Varicocele remains the most commonly identified correctable cause of male factor infertility. Surgical correction is the most commonly performed technique to treat varicoceles with a technical failure rate of less than 5%. An attractive alternative to surgery is the selective catheterization and embolization of the gonadal vein. This data are limited by small series.
We reviewed a total of 158 patients. These patients underwent embolization for clinical varicoceles and male factor infertility between 2004 and 2008. Of these, 56% underwent attempted bilateral embolization, 43% unilateral left-sided embolization and 1.3% unilateral right-sided embolization.
Of these patients who underwent attempted bilateral embolization, 19.3% did not experience a successful obliteration of the right gonadal vein and 2.3% (2/88) experienced a failure rate in the embolization of the left gonadal vein. Of the 2 attempts at unilateral right-sided embolization, there were no failures. Of the 68 unilateral left-sided embolization attempts, there was a 4.4% failure rate. Of all of the right-sided embolization attempts, 18.9% failed, while 3.2% of the left-sided attempts failed.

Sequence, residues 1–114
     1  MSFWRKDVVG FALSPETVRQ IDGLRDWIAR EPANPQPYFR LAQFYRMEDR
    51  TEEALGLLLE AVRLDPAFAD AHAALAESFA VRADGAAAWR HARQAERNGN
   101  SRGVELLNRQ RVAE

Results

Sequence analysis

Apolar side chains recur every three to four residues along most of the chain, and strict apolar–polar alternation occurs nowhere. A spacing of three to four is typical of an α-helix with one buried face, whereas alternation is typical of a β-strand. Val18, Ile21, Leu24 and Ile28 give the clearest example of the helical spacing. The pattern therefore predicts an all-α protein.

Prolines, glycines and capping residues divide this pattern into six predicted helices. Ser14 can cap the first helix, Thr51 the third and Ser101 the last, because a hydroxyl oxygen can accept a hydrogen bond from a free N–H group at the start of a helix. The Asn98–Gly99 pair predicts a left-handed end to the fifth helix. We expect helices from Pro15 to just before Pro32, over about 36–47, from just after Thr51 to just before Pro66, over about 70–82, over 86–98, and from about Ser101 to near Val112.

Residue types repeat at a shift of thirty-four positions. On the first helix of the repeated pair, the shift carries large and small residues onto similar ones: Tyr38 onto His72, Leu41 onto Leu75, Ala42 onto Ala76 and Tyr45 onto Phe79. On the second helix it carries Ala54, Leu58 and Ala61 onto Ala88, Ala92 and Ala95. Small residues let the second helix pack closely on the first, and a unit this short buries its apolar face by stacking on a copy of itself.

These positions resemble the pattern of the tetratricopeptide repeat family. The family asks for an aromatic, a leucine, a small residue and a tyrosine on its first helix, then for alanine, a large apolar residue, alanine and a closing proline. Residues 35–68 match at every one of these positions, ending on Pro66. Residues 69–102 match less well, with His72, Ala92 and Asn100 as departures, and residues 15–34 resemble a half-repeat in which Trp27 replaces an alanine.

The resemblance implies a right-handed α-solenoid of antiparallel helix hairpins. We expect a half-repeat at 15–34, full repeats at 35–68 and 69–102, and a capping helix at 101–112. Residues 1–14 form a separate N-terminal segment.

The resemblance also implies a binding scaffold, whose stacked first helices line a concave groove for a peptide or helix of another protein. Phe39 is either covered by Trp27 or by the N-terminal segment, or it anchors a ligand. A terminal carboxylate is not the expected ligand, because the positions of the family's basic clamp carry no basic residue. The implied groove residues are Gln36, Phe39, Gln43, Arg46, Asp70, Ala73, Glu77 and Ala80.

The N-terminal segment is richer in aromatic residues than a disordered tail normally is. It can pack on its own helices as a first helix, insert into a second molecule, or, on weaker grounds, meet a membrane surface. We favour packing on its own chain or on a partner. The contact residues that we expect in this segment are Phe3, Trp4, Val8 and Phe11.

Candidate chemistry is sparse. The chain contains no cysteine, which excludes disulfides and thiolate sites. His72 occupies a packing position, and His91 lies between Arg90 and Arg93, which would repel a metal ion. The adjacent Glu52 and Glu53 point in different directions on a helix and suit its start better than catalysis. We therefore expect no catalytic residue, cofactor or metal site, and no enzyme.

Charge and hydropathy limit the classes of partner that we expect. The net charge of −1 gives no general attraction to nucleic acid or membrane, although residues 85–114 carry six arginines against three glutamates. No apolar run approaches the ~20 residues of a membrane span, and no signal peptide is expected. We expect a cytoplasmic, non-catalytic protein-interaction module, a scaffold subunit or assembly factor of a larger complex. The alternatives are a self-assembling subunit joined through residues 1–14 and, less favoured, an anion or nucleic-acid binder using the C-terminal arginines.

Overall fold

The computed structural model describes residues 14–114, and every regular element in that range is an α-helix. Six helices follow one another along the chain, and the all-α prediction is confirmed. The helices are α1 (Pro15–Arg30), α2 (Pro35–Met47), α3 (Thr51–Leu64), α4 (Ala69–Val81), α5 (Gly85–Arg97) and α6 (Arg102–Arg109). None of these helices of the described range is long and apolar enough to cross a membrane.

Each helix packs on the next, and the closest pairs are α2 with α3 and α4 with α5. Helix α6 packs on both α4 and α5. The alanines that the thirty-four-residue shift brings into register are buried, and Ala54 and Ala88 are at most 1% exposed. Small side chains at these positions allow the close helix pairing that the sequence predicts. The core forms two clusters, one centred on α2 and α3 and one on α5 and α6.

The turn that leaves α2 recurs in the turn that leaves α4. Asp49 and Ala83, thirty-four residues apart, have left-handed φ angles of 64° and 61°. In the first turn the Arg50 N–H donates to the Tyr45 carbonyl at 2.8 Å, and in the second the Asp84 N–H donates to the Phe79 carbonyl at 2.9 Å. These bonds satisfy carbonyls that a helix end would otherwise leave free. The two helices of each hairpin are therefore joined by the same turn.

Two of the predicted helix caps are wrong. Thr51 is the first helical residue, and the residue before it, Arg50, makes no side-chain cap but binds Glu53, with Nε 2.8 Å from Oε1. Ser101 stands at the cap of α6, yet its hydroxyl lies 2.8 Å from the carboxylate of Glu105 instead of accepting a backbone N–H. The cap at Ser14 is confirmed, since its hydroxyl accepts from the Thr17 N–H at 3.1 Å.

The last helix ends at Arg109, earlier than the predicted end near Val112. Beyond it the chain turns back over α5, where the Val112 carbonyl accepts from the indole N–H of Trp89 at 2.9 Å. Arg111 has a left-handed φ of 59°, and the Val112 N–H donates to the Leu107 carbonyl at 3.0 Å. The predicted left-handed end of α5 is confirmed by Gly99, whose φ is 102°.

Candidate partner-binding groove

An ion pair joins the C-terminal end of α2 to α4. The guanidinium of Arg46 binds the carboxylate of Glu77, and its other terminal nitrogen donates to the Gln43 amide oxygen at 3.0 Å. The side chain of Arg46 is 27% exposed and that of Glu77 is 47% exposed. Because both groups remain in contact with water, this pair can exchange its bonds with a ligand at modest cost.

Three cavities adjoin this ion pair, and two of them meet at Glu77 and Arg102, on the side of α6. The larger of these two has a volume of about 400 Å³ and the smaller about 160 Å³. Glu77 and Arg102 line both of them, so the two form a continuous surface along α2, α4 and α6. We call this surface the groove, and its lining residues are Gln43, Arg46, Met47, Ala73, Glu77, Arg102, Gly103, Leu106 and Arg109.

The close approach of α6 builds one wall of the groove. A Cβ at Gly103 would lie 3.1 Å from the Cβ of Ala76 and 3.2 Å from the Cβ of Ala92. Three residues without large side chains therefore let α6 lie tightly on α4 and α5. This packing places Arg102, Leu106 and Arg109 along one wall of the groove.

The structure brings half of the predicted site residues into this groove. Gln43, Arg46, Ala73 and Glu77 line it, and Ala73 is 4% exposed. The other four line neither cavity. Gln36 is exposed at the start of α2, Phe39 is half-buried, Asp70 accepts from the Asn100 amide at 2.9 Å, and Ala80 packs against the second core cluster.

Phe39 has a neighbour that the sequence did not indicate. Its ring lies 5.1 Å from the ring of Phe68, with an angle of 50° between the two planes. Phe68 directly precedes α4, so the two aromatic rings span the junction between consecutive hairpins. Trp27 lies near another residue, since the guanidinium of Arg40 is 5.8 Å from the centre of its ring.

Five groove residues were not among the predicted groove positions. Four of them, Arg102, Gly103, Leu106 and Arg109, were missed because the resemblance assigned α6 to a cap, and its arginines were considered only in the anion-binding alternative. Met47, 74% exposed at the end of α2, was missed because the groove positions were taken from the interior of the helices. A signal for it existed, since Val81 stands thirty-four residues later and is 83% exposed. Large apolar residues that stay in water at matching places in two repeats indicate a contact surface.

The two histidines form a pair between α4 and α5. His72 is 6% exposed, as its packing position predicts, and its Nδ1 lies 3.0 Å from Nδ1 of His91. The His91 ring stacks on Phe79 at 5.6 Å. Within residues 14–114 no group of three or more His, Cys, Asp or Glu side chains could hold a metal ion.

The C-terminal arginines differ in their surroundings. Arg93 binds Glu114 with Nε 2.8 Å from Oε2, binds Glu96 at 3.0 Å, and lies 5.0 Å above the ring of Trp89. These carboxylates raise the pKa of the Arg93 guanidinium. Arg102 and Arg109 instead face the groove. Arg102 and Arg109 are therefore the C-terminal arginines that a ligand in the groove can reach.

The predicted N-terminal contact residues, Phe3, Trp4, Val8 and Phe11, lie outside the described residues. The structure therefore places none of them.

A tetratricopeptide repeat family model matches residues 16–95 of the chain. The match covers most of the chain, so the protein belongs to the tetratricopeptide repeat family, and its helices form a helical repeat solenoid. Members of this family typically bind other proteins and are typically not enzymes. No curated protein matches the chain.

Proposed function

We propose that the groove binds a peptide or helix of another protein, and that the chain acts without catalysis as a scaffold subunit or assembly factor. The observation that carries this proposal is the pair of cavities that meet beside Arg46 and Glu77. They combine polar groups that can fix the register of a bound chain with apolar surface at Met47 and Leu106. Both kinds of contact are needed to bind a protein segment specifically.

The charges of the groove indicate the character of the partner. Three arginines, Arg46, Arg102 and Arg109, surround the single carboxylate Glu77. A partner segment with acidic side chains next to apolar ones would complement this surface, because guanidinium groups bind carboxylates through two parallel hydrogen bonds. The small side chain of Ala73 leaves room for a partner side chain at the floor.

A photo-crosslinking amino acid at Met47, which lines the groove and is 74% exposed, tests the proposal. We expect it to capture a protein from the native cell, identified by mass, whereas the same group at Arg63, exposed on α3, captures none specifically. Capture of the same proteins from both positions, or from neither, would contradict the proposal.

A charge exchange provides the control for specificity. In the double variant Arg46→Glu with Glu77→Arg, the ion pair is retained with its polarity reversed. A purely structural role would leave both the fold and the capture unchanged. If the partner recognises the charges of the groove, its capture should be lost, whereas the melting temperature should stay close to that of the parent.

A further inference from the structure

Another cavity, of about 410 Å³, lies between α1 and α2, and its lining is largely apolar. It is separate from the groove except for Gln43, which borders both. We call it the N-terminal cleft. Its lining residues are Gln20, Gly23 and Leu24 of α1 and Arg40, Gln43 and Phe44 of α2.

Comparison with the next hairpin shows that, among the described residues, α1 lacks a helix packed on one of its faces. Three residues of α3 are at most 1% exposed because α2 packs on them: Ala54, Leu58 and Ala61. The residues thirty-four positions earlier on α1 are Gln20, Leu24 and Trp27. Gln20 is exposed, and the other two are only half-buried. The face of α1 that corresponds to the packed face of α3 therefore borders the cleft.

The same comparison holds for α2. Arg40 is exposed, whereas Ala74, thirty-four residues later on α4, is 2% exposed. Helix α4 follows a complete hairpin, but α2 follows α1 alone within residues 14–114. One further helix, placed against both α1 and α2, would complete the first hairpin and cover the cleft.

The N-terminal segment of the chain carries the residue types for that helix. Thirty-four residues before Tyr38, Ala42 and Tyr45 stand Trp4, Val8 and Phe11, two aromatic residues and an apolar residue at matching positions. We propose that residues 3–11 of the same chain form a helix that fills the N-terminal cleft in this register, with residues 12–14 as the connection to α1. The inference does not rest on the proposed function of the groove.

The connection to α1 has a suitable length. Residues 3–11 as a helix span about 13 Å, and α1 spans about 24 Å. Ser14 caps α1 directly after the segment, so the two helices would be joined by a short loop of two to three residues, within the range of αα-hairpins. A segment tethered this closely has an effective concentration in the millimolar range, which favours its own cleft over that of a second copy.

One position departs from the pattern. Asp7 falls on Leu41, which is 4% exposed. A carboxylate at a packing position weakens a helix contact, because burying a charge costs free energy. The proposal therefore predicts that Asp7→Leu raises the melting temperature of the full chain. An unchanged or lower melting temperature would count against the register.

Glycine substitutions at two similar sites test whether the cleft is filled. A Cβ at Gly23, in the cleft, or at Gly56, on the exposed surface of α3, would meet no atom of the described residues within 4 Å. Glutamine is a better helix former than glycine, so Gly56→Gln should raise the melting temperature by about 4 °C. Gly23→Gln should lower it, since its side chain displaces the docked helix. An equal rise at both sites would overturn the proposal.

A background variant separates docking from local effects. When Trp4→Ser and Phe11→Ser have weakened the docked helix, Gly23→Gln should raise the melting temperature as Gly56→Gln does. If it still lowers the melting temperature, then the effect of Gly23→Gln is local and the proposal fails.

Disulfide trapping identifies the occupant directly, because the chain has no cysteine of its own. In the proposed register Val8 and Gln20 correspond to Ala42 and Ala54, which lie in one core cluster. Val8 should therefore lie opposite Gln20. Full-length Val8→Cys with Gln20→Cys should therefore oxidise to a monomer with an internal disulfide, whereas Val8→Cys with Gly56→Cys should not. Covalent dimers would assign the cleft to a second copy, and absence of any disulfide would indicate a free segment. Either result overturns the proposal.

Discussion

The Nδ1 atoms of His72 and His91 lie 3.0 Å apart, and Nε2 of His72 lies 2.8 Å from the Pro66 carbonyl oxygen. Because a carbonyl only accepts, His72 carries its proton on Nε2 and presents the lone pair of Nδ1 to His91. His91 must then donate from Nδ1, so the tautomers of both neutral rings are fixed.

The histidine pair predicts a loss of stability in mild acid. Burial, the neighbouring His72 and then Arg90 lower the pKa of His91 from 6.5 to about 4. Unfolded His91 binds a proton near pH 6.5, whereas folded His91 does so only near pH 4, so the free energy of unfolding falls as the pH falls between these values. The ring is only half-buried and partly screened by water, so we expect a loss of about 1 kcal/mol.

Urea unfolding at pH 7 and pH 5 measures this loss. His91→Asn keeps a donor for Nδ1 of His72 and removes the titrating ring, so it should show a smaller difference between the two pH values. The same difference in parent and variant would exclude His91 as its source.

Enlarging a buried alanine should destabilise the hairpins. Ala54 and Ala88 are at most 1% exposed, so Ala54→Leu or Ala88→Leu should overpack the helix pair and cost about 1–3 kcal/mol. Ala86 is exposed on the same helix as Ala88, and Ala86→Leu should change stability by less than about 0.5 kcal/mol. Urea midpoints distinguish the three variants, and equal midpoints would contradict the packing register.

This review represents the largest contemporary series of varicocele embolization outcomes currently in the literature. Our 19.3% technical failure rate for bilateral varicocele embolization is higher than the current published rate of 13% and is largely related to failure to successfully occlude the right gonadal vein. This supports our belief that bilateral varicoceles are best managed with a primary microsurgical approach, where technical failure rates are expected to be less than 5% based on published data. Men with unilateral left-sided varicoceles should be offered both options as they have similar failure rates, but with embolization offering some clear advantages to the patient.